This is simply because pacing is  a bit of a ‘default’ setting.

Like a security blanket of familiarity and comfort.

Knowing this, it’s easy to understand why punishing the pace – which often upsets the horse – can actually cause more pacing.

The more confused your standardbred becomes, the more likely they are to revert back to pacing!

 

How do I stop my standardbred from pacing?

 

Standardbreds are big people-pleasers and what has kept the humans happy for many years has been pulling a sulky and pacing really fast!

Unfortunately for us, telling our standardbred to stop pacing because that the rules have changed isn’t as easy as sitting down and having a quick chat over a cuppa (despite what Mr Ed would have us believe!)

You’ll need to establish good communication and foundation skills with your standardbred, to kickstart your retraining journey off on the right path.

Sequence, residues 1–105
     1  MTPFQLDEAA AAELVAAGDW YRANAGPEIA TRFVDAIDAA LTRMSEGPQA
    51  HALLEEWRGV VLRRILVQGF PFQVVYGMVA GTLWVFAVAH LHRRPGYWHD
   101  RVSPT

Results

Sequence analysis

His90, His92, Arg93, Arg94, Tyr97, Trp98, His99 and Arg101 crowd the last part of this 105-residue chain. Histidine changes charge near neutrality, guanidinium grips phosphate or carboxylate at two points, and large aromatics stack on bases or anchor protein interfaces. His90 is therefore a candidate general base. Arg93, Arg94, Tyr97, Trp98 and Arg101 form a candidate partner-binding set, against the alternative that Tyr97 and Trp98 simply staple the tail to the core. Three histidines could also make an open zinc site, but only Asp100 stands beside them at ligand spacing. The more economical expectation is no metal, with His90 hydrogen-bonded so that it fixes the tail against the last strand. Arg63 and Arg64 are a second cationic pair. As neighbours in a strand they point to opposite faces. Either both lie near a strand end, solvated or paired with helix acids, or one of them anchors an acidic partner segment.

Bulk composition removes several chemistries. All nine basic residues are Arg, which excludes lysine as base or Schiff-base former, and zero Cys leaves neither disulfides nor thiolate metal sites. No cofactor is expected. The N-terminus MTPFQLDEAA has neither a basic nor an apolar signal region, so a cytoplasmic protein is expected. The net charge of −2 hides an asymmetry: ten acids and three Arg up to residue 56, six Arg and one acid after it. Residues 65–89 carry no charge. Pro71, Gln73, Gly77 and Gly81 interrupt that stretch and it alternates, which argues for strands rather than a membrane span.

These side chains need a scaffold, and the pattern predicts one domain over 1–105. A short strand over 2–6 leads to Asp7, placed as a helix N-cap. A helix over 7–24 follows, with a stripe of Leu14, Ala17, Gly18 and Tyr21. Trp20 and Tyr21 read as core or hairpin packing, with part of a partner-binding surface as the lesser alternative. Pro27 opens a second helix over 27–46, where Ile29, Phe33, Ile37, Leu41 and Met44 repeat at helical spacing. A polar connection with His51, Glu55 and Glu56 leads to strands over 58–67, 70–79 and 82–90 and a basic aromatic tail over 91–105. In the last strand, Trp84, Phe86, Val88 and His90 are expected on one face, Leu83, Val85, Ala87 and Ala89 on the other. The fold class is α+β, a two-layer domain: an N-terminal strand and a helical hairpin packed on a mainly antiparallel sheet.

Also, understanding the ‘what, why and how’ of retraining a pacer can be invaluable.

So too is getting some advice from someone who’s experienced with the breed in particular.

Knowing exactly which exercises are the most effective at teaching a standardbred to trot, whilst minimising stress and confusion for horse and rider, makes the process far more enjoyable and likely to be successful.

 

The value of patience, practice and praise

The best piece of advice we can give standy riders when it comes to training your standardbred to stop pacing is to be patient.

The standardbred retraining journey is a bit like a dance: 2 steps forward, a shimmy to the side and a ball-change back 💃

Yes, it can be totally frustrating to keep having this random 5th gait pop up in the middle of your workout!